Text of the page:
Developed Nations have a Responsibility to Provide Climate Aid

The UN’s annual climate summit, COP27, began on November 6, and after decades of climate debate, the agenda will finally include discussion of whether developed nations should pay “loss and damages” to developing nations, according to Reuters.

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OHCHR Report on Uyghurs: Too Little, Far Too Late

China has been forcibly moving much of its Uyghur population to concentration camps, which it calls “re-education camps,” to combat “terrorism” in the ethnic Muslim minority community. According to the UN, the commission’s report stated that the deprivation of fundamental human rights, arbitrary detention, and credible reports of torture, ill-treatment, forced medical treatment, and sexual violence may amount to crimes against humanity.

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Solomon Islands Security Deal with China Sends Shockwaves Across Pacific

A recent leaked report reveals that the Solomon Islands has drafted a security agreement with China, reports CBS News. This agreement would allow China to deploy military personnel and armed police in the islands, as well as permit Chinese warships to visit the nation, according to the Center for Strategic & International Studies. Though the leaked document has yet to be formalized, it has generated significant international concern and criticism. 

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With the World Watching, Could Taiwan be at Risk?

Considering the strategic and symbolic significance of Taiwan to the People’s Republic of China, several experts have argued that China’s invasion of the island is a matter of when and not if. Many have questioned Chinese President Xi Jinping’s decision to support Russia’s invasion of Ukraine, given that Russia’s actions are in direct contradiction to China’s century-long foreign policy tenet of non-interference.

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Hong Kong Maintains Zero-Tolerance Policy as COVID-19 Cases Surge

Amidst the ease of pandemic restrictions around the globe, Hong Kong is facing a devastating surge in COVID-19 cases, reports The Guardian. Hong Kong, following in the footsteps of mainland China, has maintained a zero-tolerance COVID-19 restriction policy over the course of the pandemic. This approach proved to be largely effective up until the recent emergence of the Omicron variant.

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FOCUS on Sports Geopolitics: The Olympics

Those who follow sports in some way will know that politics always get involved no matter how much fans wish otherwise. As has been shown this year, domestic and international politics have characterized the Olympic Games, as the most international and inherently political non-political event there is. With the 2022 Beijing games ongoing, it is worth remembering that the Olympics’ thrust into political spotlights isn’t new.

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FOCUS on Sports Geopolitics: The Disappearance of Peng Shuai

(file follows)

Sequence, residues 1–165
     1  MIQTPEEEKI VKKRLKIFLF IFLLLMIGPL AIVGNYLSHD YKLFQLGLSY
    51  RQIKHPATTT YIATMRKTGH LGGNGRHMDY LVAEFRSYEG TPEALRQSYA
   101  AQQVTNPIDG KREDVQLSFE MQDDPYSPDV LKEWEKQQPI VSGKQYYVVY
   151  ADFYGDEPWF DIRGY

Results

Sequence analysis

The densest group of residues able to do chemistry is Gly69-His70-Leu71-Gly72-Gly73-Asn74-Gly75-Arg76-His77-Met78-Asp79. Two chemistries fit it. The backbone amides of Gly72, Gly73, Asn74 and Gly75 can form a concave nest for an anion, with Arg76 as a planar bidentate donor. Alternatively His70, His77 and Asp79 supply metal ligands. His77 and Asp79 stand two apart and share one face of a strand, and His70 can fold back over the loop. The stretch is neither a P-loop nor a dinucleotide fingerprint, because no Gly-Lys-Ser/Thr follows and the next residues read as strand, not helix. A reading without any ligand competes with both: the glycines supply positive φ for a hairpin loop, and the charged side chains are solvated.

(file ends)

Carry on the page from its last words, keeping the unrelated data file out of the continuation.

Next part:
In a recent interview with L’Equipe, Chinese tennis star Peng Shuai announced her retirement and retracted her sexual assault allegation against a high ranking member of the Chinese Communist Party (CCP). The interview marked Peng’s first contact with a foreign publication since posting her initial accusation against Zhang Gaoli on Weibo, a Chinese social media platform.

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China and Pakistan: India’s Rising Double Threat

Salami tactics, or conquering an enemy piece-by-piece, is a well-known strategy in international relations used to overcome opposition and weaken enemy states. The People’s Republic of China and India faced tensions earlier this year in what was their second faceoff since 2020. In May 2020, a clash between the troops of both countries along the Sino-Indian border resulted from India’s infrastructure plan in the bordering region near Ladakh. Both the countries engaged in cross-border-firing on September 7, 2020, the first time in 45 years.

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Putin’s Visit to India Complicates Geopolitical Relations with the United States and China

On Monday, December 6, Russian President Vladimir Putin traveled to India to meet with Prime Minister Narendra Modi and discuss the maintenance and growth of relations between the two states. In just his second international trip since the global emergence of COVID-19, Putin’s arrival comes amid complex geopolitical developments throughout Asia.

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Thucydides’ Trap: A New Era of Great-Power Competition Between the United States and China

Thucydides’ Trap posits that when a great power’s hegemony is threatened by a rising power, there is a high likelihood of war between the two nations. This proposition is relevant when examining the relationship between the People’s Republic of China (PRC) and the United States. Allison coined this term precisely to characterize increasing U.S.-China tensions, worrying that it would eventually result in a war between the world’s two greatest powers.

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